Manufacturing has long been a mainstay of the Michigan economy and an important source of employment across the country. Over the last five years Michigan has lost a large number of manufacturing jobs, especially in the automobile sector. Michigan is far from alone in this; most states saw declines in manufacturing employment between 2001 and 2006. But right-to-work states saw much less severe losses in this area.

The trend away from manufacturing employment was already well underway five years ago; nationally, manufacturing employment reached its peak in 1979. Between 1990 and 2000 right-to-work states experienced an average increase of 1.0 percent annually in manufacturing employment, but non-right-to-work states saw annual declines in manufacturing payroll averaging 0.6 percent. Michigan, in the midst of a stretch of relative prosperity, gained manufacturing jobs by an average of 0.4 percent per year during that time, but had experienced losses in the 1980s.[8]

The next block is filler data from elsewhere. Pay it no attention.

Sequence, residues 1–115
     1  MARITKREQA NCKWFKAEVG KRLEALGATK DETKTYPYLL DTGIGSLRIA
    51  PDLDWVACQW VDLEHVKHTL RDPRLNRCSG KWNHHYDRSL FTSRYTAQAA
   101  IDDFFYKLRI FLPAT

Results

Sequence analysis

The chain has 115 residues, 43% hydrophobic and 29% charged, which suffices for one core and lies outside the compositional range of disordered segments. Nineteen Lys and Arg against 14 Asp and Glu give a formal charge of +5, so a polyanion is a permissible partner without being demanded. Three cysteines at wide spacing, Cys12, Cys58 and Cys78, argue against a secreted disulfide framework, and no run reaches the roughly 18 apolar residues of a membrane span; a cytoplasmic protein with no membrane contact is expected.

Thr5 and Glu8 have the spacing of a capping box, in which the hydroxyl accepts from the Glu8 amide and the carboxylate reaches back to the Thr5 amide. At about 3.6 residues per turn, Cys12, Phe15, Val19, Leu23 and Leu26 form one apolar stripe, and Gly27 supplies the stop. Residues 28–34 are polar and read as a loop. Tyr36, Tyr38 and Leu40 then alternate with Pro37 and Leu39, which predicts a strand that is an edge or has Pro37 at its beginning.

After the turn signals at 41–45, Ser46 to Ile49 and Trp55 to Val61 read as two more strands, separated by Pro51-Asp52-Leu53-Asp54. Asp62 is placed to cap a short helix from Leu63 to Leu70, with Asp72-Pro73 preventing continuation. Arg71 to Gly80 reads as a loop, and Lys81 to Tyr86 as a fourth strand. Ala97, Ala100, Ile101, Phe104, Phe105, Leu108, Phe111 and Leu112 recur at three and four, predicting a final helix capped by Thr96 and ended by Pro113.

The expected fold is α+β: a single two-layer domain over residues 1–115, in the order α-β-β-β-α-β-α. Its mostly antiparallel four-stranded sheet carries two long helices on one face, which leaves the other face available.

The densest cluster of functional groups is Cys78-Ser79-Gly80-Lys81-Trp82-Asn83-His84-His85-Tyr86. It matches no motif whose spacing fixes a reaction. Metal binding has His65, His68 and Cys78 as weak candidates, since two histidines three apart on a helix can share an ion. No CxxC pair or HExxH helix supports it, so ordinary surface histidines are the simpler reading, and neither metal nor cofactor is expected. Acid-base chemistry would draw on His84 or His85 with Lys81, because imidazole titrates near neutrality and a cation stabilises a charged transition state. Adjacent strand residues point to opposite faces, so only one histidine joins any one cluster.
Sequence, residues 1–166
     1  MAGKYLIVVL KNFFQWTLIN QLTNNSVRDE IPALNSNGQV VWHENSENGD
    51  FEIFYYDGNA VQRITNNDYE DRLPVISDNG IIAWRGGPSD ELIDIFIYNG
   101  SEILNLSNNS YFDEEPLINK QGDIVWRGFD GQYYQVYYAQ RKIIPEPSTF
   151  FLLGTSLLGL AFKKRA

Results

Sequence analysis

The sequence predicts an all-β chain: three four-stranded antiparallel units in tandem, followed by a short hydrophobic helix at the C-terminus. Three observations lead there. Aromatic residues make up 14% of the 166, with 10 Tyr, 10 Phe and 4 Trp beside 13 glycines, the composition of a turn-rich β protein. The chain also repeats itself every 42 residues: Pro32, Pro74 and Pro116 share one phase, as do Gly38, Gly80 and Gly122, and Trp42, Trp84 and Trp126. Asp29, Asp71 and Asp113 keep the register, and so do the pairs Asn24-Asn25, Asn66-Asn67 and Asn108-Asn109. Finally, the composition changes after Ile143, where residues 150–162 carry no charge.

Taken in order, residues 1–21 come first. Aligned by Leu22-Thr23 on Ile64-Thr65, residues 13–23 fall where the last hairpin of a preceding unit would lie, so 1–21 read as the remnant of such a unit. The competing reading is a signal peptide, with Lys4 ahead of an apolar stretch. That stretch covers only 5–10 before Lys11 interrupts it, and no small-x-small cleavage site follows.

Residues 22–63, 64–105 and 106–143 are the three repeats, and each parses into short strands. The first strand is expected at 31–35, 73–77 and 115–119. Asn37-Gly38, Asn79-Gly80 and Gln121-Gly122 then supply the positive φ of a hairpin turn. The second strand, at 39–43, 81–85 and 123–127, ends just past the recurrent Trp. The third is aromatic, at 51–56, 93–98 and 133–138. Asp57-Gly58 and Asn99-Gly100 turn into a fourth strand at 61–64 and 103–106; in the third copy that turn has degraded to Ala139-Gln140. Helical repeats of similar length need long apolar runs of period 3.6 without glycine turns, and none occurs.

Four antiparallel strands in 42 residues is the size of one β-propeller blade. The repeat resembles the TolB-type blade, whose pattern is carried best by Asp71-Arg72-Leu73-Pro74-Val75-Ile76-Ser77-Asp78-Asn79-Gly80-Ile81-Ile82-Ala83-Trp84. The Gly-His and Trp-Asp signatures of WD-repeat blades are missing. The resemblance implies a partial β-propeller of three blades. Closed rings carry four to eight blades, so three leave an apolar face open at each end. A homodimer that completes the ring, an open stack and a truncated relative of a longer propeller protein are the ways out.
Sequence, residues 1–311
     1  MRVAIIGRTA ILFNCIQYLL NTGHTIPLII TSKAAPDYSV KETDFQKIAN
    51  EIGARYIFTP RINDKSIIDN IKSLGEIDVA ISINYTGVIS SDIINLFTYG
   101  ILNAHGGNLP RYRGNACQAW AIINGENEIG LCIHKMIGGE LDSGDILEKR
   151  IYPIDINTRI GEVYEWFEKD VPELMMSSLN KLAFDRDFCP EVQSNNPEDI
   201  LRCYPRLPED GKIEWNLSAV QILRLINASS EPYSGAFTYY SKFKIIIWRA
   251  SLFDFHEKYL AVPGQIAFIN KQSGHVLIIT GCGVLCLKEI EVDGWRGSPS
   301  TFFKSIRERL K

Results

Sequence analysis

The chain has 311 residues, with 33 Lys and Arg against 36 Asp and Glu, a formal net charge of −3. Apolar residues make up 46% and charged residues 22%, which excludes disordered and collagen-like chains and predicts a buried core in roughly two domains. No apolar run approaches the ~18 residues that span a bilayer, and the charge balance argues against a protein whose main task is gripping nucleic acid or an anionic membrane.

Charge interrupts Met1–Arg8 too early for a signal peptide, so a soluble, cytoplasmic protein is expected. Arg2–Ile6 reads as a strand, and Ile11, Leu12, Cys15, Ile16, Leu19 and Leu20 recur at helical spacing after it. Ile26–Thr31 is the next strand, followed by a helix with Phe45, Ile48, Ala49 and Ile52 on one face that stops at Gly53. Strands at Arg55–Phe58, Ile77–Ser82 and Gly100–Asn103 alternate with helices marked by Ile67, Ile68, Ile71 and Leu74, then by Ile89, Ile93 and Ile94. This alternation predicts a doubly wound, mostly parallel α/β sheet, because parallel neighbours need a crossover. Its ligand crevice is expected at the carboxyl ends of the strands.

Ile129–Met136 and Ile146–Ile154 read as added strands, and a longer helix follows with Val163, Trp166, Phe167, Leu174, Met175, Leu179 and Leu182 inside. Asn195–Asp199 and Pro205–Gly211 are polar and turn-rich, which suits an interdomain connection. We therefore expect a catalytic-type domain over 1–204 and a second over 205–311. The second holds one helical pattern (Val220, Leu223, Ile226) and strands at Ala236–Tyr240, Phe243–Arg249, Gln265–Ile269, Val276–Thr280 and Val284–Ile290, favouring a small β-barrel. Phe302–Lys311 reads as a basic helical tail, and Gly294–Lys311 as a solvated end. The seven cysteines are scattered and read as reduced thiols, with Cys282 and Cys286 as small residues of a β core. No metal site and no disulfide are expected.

The tendency for non-right-to-work states to lose manufacturing jobs has become more pronounced over the last several years. Between 2001 and 2006 the typical right-to-work state saw manufacturing employment decline 1.5 percent annually, 7.1 percent overall. Non-right-to-work states, however, faced even sharper declines: averaging 3.0 percent annually and 13.7 percent over the five-year period. Every non-right-to-work state but one, Alaska, lost manufacturing jobs during that period, while five right-to-work states registered at least modest gains in this area.[9]

It will come as no surprise to most readers that Michigan’s record for manufacturing employment over the last five years is particularly disturbing: between 2001 and 2006 Michigan manufacturing employment declined an average of 4.6 percent per-year, or by a total of 20.9 percent over the whole five-year period.[10]

Graphic 3 - click to enlarge

The decline in manufacturing employment is occurring nationwide and has been underway for nearly 30 years; large statewide gains in manufacturing employment are unlikely even with the best economic policies. But given Michigan’s status as one of the most heavily industrialized states in the union, with 14.9 of Michigan’s workforce in manufacturing compared to the national average of 10.2 percent, Michigan has a particular interest in preserving manufacturing employment as much as possible, an area where states with right-to-work laws appear to have a distinct advantage.[11]